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Bayer again seeks approval for dicamba herbicide

In response to court ruling, company proposes label changes to reduce drift

by Britt E. Erickson
May 15, 2024 | A version of this story appeared in Volume 102, Issue 15


Close-up of soybean seedlings emerging from the soil.
Credit: Shutterstock
Under a proposal by Bayer Crop Science, growers would be allowed to spray dicamba herbicide on soybeans until seedlings emerge.

Bayer Crop Science is trying again to get the drift-prone herbicide dicamba back on the US market for use on soybeans and cotton crops that are genetically modified to tolerate it.

Chemical structure of dicamba herbicide.

In response to a Feb. 6 court ruling that vacated the US Environmental Protection Agency’s approval of dicamba for such uses, Bayer has proposed slight changes to how and when farmers can apply the herbicide. The proposal would allow growers to spray dicamba on soybeans until seedlings emerge but no later than June 12 each year and to spray it over the top of cotton until July 30.

Dicamba is problematic in summer heat because it is volatile in high temperatures and in temperature inversions, which occur when cool air near the ground is trapped beneath warm air. Once in the air, the herbicide can drift with the wind and damage or kill unintended plants in its way.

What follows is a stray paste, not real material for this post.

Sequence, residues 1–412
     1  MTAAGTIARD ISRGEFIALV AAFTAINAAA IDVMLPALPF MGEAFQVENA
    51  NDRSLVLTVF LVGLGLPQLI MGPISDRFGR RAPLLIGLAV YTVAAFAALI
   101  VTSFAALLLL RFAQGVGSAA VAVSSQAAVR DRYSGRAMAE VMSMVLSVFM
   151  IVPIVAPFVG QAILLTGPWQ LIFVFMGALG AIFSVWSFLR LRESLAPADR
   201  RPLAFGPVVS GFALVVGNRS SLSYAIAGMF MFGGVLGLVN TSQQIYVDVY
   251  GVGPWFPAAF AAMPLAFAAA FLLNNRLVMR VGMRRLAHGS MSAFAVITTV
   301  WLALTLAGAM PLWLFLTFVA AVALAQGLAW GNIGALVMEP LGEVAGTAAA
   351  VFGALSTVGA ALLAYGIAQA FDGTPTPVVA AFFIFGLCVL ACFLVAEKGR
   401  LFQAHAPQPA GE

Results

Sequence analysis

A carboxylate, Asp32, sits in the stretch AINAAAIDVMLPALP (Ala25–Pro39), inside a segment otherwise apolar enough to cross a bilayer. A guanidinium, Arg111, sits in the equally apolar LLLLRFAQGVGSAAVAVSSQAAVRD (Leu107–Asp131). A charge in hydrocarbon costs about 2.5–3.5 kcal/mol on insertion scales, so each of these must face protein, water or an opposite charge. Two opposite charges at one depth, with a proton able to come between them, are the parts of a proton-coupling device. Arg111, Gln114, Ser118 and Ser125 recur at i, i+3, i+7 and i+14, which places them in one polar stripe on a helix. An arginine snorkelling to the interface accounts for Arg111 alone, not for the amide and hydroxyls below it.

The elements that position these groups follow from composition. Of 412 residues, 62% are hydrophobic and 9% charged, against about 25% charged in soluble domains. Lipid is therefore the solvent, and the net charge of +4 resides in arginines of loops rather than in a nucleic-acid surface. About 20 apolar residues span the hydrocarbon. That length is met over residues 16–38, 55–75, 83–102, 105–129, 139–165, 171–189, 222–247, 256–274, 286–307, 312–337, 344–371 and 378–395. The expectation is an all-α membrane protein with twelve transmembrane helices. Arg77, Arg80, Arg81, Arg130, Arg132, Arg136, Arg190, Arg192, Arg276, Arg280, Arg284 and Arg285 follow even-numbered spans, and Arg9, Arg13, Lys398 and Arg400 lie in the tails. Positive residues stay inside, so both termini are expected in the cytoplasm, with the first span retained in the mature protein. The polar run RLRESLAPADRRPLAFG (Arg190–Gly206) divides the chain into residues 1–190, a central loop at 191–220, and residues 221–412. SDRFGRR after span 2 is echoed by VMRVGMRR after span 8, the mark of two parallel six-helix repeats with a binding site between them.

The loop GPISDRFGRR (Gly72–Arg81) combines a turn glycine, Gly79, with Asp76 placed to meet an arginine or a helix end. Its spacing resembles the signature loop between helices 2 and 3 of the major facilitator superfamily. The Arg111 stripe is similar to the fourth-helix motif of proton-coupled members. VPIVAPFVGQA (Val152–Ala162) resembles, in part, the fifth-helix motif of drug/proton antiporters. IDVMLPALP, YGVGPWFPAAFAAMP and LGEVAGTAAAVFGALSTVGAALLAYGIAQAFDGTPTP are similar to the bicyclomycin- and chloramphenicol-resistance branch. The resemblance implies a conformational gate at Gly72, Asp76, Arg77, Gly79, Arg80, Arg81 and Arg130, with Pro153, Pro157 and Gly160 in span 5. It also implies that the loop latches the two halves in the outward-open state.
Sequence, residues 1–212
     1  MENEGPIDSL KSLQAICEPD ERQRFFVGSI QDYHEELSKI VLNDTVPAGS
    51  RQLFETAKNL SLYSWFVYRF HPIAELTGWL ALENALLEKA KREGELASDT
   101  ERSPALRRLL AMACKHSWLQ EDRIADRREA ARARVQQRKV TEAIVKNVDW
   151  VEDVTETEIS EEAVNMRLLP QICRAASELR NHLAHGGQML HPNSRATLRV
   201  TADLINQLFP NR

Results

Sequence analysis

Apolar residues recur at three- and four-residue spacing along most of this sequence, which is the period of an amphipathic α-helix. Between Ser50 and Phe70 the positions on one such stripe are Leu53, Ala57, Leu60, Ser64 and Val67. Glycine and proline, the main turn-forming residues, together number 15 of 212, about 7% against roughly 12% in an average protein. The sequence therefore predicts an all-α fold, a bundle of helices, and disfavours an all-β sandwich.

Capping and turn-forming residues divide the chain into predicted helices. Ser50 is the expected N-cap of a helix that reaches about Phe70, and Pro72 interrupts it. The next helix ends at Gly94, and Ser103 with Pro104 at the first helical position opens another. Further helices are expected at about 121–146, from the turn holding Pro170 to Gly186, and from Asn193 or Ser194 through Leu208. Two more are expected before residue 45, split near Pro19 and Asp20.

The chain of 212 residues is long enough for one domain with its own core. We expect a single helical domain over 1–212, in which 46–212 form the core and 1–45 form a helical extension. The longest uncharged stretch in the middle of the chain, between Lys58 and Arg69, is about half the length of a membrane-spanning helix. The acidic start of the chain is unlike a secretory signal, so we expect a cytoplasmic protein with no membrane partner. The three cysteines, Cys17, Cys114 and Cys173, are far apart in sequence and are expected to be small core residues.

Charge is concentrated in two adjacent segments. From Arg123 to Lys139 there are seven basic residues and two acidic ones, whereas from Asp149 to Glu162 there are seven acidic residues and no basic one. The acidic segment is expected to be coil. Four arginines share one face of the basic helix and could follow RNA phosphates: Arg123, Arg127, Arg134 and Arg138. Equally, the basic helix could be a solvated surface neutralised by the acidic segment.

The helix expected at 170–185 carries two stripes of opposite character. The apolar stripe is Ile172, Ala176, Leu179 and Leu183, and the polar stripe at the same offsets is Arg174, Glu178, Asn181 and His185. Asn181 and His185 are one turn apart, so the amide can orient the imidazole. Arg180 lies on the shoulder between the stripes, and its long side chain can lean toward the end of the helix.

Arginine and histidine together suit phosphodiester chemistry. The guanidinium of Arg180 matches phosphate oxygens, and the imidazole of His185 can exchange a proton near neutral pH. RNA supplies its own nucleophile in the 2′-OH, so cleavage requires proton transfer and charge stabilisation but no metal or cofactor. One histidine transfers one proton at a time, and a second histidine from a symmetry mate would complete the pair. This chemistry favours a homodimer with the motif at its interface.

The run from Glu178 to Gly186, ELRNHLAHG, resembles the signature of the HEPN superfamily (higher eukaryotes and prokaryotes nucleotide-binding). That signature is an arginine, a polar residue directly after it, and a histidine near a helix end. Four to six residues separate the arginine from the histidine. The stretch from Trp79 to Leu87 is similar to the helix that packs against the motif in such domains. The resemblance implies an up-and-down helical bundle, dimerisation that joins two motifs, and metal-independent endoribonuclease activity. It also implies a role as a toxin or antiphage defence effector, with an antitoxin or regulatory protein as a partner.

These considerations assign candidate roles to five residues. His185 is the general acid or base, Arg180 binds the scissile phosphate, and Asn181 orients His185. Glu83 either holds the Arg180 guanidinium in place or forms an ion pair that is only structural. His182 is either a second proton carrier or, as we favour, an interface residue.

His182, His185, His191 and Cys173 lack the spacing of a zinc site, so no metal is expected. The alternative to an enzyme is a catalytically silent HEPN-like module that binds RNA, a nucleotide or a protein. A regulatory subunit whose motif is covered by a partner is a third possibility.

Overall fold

The EPA allowed farmers to use dicamba on genetically modified soybeans and cotton beginning with the 2017 growing season. Ever since, states have received thousands of complaints about herbicide drift damaging nontargeted plants, including conventional soybeans that have not been modified to tolerate dicamba.

In 2020, a federal appeals court overturned the EPA’s approval in response to a lawsuit by environmental groups, but a few months later the agency allowed the product back on the market. Environmental groups sued the agency again, which led to the Feb. 6 ruling.

Those groups claim that Bayer’s proposal will do little to reduce drift. “Virtually nothing in this application addresses the concerns the public and the courts have about this destructive pesticide,” Nathan Donley, environmental health science director at the Center for Biological Diversity, says in a statement. “The EPA should stop this once and for all with a quick, decisive denial.”

The EPA is letting farmers use existing stocks of dicamba on soybeans and cotton for the 2024 growing season. Cutoff dates are in June and July depending on the state and use. But it’s not clear if the agency will approve Bayer’s revised dicamba label in time for next year’s growing season.

“The next steps in this registration process are up to the EPA,” Bayer says in an update on its website. “We hope the EPA will continue to move swiftly so growers have access to the technology in time for the 2025 season.”

The EPA is seeking comments on Bayer’s proposal until June 3.



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